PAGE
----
It can be said, that technologies are means of transferring things from the realm of nature to the realm of culture. In turn, technologies constitute industries which extract, process, and machine nature in order to present it as a commodity on the market. These sets of actions, which transform natural things into things with bar codes, are commanded by the higher-level intellectual decisions, usually referred to as the design.
Since the rise of environmental consciousness, proclaimed through the notion of the Anthropocene, a debate around the environment-conscious design was being imposed on the public through the effort of environment scientists such as Michael Braungart. The main thesis of his critique is that the industries inherited from the anthropocentric era do not comply with the basic ideas of the environmental sustainability. When expanded to a global scale, they create a dramatic hazard to the biosphere of our planet.
Obviously, interruption of the industrial and economic development is not a solution to the crisis we are facing. As Braungart suggest, the transition to a sustainable living can be facilitated through a revision of the design approach not merely limited to the performance of a product on the market, but including numerous other criteria deriving from the awareness with numerous environmental and social conditions.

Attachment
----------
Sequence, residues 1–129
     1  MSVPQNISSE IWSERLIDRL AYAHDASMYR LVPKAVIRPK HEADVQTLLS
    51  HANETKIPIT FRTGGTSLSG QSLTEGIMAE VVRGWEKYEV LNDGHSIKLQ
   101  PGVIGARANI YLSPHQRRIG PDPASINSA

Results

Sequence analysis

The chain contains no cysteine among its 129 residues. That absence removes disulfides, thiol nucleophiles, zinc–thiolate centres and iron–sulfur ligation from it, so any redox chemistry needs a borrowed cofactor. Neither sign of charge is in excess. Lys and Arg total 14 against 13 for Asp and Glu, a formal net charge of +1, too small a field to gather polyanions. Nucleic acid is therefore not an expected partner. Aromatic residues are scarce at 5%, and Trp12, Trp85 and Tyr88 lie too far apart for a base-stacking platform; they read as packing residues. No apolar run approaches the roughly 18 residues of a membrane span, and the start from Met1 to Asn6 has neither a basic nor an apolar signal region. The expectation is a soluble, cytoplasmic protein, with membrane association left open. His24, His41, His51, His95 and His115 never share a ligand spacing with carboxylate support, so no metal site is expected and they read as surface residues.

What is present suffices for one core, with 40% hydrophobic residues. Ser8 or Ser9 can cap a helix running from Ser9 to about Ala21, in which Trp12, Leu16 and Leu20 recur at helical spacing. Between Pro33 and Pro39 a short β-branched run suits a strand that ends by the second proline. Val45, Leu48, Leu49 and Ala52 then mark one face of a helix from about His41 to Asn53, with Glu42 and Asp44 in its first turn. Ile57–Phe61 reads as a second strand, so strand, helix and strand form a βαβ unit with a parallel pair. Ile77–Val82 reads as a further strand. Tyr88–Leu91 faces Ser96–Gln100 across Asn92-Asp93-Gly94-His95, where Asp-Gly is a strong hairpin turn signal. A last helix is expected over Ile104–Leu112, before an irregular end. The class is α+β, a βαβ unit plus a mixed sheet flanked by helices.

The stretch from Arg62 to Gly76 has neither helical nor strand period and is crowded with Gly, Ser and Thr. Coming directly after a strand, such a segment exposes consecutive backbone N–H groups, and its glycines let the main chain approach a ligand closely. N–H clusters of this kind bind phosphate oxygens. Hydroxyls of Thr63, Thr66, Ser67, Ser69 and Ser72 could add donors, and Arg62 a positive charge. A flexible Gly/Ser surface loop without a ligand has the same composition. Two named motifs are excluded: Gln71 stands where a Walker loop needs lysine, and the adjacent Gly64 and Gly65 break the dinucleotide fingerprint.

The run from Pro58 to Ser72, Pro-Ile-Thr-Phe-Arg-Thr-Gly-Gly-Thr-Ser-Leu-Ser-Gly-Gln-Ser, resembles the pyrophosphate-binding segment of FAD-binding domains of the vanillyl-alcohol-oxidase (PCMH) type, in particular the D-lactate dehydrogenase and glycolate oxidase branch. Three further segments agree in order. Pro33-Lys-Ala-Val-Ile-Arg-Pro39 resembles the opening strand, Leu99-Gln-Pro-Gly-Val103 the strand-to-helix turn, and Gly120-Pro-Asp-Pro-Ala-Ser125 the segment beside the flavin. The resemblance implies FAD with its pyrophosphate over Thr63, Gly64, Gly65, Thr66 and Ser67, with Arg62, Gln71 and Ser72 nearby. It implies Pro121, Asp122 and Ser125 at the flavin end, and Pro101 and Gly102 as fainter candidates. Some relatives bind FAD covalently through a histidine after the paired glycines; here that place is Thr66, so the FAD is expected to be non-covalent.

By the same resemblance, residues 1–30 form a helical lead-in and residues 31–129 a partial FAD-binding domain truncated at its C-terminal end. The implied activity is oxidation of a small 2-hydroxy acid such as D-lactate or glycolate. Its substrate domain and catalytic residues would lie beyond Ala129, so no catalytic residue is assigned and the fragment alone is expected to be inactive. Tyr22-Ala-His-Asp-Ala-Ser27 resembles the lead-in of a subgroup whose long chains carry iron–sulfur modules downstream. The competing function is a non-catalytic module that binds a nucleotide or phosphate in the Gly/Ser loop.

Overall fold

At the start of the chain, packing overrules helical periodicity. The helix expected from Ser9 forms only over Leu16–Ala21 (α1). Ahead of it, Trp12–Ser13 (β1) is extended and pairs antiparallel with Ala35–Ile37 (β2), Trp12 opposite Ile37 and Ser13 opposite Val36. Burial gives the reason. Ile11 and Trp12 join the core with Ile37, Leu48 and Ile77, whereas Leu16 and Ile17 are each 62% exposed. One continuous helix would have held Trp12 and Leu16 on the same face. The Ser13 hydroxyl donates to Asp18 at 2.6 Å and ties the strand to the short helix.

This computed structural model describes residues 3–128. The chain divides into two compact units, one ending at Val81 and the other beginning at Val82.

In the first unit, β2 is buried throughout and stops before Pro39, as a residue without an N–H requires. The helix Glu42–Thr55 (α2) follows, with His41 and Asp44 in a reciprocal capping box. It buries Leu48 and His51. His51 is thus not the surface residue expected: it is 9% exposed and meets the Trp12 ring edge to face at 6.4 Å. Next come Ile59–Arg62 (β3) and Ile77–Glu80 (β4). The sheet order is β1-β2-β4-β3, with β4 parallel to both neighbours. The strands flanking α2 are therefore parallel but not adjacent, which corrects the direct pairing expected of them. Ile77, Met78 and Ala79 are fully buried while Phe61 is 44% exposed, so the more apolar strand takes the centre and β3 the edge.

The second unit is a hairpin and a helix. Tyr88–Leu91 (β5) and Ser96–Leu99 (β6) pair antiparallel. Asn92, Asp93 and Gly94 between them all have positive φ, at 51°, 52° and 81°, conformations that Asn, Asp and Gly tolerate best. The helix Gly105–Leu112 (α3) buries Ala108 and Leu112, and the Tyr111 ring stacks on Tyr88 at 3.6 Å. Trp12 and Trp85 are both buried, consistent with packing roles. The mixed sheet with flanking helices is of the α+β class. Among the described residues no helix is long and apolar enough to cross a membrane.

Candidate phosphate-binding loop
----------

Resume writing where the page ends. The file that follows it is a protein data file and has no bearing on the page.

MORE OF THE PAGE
Such a design problem can be represented in a form of a differential equation with hundreds of variables. Thanks to computer aided design tools, a solution to these inhumanly complex mathematical problems can be calculated almost effortlessly. However, the problem one would face when following this method is that such a sustainable product won’t necessarily respond to our habitual modernist expectations of form and function; rather, it’ll be a sudden, unforeseen object, a sustainable artifact. To become a commodity on the market, this noumenon would need to be given sensible and practical qualities. This work of post-rationalization and retrofitting may be seen as a true design challenge of the posthuman design industries.